Thaumarchaeaotawith ammonia oxidation and carbon fixation potential. Ca.Nitrosodeserticola genomes provide the first metabolic and physiological insight into a thaumarchaeal lineage found in globally distributed terrestrial habitats characterized by various environmental stresses. We consequently expand not only the known genetic repertoire of Thaumarchaeotabut also the diversity and microbiome functioning in hyperarid ecosystems.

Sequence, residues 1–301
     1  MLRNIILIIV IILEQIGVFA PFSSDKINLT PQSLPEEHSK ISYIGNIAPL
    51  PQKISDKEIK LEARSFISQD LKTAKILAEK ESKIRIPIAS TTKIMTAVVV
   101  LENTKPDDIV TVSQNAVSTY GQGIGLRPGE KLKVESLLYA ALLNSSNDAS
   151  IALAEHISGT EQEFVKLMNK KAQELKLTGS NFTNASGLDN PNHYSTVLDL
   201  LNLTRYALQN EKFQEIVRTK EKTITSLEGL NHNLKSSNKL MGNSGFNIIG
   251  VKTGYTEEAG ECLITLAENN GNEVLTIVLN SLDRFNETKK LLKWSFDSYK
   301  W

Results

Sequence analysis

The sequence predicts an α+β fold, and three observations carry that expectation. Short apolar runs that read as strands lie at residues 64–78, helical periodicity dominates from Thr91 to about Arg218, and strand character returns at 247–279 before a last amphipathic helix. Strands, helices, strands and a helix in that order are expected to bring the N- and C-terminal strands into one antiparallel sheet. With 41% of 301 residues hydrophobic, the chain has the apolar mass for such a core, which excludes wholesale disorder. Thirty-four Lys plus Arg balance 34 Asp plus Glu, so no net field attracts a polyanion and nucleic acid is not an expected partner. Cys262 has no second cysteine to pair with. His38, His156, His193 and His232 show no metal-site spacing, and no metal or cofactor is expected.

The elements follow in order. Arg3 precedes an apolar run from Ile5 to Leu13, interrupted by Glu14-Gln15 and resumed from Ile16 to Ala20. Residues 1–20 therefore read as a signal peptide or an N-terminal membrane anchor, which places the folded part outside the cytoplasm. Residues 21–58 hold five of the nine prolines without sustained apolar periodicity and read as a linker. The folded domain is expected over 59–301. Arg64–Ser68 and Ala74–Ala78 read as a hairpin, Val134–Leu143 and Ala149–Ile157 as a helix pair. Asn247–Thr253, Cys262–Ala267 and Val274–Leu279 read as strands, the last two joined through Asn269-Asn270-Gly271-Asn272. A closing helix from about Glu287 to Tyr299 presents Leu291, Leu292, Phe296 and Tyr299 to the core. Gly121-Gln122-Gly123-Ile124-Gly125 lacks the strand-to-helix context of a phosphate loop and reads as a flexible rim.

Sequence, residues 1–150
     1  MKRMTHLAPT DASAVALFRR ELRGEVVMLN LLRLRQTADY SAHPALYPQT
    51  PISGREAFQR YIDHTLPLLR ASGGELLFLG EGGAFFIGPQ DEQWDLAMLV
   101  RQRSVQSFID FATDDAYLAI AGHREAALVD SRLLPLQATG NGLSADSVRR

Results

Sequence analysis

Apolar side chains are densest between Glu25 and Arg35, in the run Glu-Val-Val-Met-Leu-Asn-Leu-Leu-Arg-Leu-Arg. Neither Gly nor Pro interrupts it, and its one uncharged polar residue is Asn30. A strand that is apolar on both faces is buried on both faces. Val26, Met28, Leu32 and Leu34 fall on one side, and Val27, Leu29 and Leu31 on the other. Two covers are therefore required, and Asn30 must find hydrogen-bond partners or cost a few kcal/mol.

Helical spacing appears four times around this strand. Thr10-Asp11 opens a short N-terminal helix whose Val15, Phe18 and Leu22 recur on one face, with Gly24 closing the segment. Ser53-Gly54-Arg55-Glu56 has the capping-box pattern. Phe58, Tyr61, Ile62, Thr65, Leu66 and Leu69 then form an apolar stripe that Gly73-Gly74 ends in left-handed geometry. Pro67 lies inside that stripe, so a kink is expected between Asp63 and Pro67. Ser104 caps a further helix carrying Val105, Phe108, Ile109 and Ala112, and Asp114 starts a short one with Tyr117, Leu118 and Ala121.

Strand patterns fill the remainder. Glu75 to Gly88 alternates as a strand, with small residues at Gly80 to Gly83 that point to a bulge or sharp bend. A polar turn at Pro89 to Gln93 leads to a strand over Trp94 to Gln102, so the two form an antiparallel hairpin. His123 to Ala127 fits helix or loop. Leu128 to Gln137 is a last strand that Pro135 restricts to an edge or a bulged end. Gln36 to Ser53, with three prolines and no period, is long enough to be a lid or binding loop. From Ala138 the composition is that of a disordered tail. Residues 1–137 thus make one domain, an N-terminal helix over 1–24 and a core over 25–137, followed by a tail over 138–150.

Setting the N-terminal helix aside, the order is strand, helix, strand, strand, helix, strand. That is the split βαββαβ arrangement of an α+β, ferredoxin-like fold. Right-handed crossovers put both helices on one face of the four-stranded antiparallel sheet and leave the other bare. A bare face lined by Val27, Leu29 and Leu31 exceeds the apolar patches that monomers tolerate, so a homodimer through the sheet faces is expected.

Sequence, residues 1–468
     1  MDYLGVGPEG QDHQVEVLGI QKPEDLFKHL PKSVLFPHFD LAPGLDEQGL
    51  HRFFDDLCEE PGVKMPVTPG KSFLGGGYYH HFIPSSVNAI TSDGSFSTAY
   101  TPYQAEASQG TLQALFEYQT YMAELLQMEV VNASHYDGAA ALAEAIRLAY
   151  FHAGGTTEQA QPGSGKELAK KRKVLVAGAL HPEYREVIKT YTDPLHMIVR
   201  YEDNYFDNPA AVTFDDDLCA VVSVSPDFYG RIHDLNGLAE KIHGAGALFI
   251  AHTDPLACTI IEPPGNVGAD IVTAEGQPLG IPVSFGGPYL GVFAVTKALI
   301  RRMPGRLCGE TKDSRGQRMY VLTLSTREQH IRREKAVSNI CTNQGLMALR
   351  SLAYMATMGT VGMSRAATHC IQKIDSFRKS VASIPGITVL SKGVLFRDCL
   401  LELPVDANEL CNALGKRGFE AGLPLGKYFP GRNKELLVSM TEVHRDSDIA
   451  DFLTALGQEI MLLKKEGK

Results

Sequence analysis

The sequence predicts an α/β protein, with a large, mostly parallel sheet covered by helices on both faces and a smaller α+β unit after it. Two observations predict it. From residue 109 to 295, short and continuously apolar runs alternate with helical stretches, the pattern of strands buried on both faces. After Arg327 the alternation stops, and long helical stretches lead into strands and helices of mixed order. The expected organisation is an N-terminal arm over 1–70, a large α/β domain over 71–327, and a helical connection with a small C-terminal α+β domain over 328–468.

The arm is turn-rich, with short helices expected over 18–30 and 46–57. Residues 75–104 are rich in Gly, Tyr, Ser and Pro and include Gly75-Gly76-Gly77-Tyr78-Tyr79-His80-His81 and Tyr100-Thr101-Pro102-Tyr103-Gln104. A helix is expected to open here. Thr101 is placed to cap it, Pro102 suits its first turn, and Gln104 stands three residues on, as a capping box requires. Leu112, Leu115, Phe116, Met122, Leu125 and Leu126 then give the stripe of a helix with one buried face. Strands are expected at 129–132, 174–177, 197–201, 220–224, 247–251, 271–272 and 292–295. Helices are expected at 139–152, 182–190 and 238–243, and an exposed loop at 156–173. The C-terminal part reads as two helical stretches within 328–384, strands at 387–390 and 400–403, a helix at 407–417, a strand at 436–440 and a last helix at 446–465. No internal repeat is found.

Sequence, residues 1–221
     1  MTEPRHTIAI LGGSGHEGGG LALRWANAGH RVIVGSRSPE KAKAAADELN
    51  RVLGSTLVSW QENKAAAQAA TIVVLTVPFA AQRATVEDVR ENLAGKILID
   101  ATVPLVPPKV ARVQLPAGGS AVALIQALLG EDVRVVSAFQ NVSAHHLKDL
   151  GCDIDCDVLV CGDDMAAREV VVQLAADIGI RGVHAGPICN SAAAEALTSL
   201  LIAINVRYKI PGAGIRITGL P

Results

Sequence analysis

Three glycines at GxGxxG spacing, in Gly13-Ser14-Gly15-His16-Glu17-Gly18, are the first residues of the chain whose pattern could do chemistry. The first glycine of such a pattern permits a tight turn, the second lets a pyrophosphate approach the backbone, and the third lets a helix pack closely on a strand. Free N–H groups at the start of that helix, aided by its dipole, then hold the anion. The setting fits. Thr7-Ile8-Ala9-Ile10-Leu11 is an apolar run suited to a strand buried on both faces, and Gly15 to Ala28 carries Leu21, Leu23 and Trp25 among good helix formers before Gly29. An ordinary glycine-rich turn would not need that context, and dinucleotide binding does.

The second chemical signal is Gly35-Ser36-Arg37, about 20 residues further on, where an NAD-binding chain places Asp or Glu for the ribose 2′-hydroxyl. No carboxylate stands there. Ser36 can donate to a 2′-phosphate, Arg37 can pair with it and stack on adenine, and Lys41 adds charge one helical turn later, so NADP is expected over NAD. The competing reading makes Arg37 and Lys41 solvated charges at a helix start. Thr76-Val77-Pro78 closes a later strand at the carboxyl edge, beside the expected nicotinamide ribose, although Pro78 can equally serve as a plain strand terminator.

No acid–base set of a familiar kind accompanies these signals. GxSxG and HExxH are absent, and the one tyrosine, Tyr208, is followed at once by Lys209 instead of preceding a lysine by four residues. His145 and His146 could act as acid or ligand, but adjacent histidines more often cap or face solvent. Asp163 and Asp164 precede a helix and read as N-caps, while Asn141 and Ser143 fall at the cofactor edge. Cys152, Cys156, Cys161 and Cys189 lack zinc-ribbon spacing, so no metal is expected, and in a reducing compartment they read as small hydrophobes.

Identification of the Bacterial Biosynthetic Gene Clusters of the Oral Microbiome Illuminates the Unexplored Social Language of Bacteria during Health and DiseaseABSTRACT Small molecules are the primary communication media of the microbial world. Recent bioinformatic studies, exploring the biosynthetic gene clusters (BGCs) which produce many small molecules, have highlighted the incredible biochemical potential of the signaling molecules encoded by the human microbiome. Thus far, most research efforts have focused on understanding the social language of the gut microbiome, leaving crucial signaling molecules produced by oral bacteria and their connection to health versus disease in need of investigation. In this study, a total of 4,915 BGCs were identified across 461 genomes representing a broad taxonomic diversity of oral bacteria. Sequence similarity networking provided a putative product class for more than 100 unclassified novel BGCs. The newly identified BGCs were cross-referenced against 254 metagenomes and metatranscriptomes derived from individuals either with good oral health or with dental caries or periodontitis. This analysis revealed 2,473 BGCs, which were differentially represented across the oral microbiomes associated with health versus disease. Coabundance network analysis identified numerous inverse correlations between BGCs and specific oral taxa. These correlations were present in healthy individuals but greatly reduced in individuals with dental caries, which may suggest a defect in colonization resistance. Finally, corroborating mass spectrometry identified several compounds with homologymore »